Alzheimer Issues
University Of Tennessee Head Coach Emeritus Pat Summitt Assumed New Role As 'Coach Of The Alzheimer's Movement'
Apr 26, 2012 - 9:26:12 AM

( - WASHINGTON, April 25, 2012 -- After being awarded the Sargent and Eunice Shriver Profiles in Dignity Award at the Alzheimer's Association National Dinner onTuesday, April 24, University of Tennessee Women's Basketball Head Coach Emeritus Pat Summitt and her son, Tyler Summitt, told an audience of nearly 1,000 advocates that they were proud to join the Alzheimer's team. Coach Summitt even gave Alzheimer's disease, the 6th leading cause of death in the U.S., her legendary stare, invoking a second standing ovation from advocates, fellow individuals living with Alzheimer's and fans. The evening was hosted by Meredith Vieira, Special Correspondent for NBC News and host of ABC's "Who Wants to Be a Millionaire," whose brother is currently living with Alzheimer's disease.


Leader in the Alzheimer's movement, journalist and author, Maria Shriver, whose father Sargent Shriver passed away from Alzheimer's, presented the Alzheimer's Association Sargent and Eunice Shriver Profiles in Dignity Award to Coach Summitt and Tyler. This honor recognizes an individual, organization or company whose actions have promoted greater understanding of Alzheimer's disease and its effects on diagnosed individuals, families and caregivers. Coach Summitt, the winningest coach in NCAA basketball history, publically shared her diagnosis of early onset, Alzheimer's type, last August at the age of 59. She and her son Tyler Summitt then created The Pat Summitt Foundation Fund, a fund of the Community Foundation of Middle Tennessee, to provide grants to nonprofits like the Alzheimer's Association that raise awareness of the disease, support families and advance research, all while Coach Summitt led the Lady Vols to an impressive 27-9 season.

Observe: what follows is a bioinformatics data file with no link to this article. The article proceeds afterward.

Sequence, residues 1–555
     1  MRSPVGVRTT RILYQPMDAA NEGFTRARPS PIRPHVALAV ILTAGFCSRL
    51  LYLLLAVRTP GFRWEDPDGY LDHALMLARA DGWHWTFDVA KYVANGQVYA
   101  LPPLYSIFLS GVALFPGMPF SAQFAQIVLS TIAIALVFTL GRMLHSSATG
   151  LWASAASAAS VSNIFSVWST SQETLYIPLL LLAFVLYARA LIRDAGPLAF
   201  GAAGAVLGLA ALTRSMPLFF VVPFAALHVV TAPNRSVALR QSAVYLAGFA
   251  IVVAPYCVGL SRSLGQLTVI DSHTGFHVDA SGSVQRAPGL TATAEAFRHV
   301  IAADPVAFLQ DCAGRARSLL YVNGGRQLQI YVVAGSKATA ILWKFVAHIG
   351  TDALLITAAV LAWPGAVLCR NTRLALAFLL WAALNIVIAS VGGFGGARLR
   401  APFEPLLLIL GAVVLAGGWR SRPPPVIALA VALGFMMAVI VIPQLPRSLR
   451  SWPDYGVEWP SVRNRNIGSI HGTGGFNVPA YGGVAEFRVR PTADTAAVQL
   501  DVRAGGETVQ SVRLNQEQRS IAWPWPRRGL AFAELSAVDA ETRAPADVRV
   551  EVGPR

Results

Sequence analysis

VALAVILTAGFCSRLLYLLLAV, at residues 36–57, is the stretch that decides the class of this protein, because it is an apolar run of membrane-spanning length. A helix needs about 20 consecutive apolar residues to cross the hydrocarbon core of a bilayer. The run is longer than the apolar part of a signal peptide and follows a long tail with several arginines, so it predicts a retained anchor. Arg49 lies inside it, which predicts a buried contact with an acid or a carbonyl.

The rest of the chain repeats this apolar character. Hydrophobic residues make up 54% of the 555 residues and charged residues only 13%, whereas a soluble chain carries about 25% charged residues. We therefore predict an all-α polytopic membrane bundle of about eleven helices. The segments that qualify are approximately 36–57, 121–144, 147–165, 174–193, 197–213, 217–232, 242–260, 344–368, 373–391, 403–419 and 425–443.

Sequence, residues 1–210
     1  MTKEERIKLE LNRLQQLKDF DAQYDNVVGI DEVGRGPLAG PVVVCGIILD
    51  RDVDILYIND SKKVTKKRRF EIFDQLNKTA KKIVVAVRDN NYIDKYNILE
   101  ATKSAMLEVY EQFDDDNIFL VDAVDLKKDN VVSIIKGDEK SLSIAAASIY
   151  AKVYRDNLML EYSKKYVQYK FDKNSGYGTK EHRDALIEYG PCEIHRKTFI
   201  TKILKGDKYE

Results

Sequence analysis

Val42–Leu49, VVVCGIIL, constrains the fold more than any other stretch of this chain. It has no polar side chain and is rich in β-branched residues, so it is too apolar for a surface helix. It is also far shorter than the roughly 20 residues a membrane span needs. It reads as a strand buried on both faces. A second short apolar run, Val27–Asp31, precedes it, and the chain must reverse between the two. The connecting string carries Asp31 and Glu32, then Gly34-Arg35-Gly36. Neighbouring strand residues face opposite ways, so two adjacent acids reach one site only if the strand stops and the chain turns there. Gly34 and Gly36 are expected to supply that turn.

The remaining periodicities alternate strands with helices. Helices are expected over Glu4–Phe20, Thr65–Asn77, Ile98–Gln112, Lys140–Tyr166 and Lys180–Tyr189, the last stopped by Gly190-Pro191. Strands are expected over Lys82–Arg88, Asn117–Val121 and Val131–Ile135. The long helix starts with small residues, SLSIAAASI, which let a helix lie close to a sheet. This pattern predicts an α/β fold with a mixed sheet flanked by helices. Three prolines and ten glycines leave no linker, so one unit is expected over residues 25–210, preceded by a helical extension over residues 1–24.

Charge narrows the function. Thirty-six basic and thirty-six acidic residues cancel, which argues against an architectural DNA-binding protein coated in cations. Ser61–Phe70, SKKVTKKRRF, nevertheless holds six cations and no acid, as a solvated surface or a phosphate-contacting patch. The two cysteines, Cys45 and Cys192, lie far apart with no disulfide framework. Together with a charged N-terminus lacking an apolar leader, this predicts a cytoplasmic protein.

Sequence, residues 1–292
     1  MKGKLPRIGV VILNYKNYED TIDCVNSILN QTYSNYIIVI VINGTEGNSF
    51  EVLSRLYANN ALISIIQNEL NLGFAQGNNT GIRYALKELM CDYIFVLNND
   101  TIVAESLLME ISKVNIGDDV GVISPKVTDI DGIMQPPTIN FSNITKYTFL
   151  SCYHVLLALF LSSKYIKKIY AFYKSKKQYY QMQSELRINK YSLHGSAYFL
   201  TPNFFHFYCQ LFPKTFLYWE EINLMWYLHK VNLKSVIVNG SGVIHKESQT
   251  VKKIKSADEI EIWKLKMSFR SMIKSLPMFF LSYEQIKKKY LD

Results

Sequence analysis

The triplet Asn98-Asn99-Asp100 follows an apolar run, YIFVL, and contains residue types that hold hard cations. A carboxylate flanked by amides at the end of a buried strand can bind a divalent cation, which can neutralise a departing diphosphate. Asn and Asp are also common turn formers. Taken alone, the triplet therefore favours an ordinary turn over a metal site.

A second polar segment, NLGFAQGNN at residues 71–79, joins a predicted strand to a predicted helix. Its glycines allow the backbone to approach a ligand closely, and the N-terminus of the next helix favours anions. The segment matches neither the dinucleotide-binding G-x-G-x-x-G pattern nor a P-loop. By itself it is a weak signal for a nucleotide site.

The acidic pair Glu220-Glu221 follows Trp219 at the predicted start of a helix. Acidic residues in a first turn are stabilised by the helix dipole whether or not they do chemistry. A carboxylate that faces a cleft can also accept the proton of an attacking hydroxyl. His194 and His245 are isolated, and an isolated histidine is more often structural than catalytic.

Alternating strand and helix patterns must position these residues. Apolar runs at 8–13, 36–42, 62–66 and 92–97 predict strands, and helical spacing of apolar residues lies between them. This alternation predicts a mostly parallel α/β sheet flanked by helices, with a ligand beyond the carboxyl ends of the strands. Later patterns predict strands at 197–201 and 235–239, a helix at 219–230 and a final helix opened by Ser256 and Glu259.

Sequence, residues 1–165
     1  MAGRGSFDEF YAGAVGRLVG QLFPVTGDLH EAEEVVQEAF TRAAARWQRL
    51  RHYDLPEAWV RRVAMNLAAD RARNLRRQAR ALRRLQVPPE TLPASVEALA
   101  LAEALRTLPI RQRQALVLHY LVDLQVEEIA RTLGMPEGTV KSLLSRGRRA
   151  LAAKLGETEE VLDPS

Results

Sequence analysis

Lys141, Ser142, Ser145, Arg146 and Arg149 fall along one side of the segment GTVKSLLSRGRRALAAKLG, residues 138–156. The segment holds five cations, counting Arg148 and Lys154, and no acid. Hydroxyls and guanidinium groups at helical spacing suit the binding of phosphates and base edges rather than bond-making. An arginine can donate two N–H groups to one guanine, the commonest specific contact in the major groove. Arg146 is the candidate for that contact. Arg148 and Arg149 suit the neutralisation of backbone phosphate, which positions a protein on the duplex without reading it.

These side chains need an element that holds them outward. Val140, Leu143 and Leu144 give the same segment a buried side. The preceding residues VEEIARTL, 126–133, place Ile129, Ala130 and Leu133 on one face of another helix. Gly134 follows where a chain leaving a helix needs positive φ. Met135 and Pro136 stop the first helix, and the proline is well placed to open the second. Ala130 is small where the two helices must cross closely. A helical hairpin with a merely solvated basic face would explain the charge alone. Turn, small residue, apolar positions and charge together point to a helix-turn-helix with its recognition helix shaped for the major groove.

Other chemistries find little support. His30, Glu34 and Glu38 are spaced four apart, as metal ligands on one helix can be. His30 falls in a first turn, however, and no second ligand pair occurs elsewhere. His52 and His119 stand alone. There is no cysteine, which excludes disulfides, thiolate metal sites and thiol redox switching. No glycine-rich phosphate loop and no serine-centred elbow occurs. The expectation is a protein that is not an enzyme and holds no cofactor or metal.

"Thank you to the Alzheimer's Association for honoring Tyler and I with this award," said Coach Summitt. "Tyler and I made the decision to fight and to fight publicly. We couldn't change my diagnosis, but we could try to do something positive with it. Working as a team, we can make a difference in the lives of millions of people who are living with this disease and the millions more who are caring for them."

The National Dinner brought together advocates from across the country who were in Washington D.C. for the Alzheimer's Association Advocacy Forum. Actress Jane Seymour helped spotlight the human side the disease by inviting people in the room to stand and declare "The End of Alzheimer's Starts with Me."